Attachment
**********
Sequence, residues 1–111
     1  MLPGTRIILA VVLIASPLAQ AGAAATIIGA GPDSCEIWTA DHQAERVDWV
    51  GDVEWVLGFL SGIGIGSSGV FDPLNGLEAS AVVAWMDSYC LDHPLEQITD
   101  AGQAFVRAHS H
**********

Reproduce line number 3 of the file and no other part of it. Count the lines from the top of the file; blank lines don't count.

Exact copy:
    51  GDVEWVLGFL SGIGIGSSGV FDPLNGLEAS AVVAWMDSYC LDHPLEQITD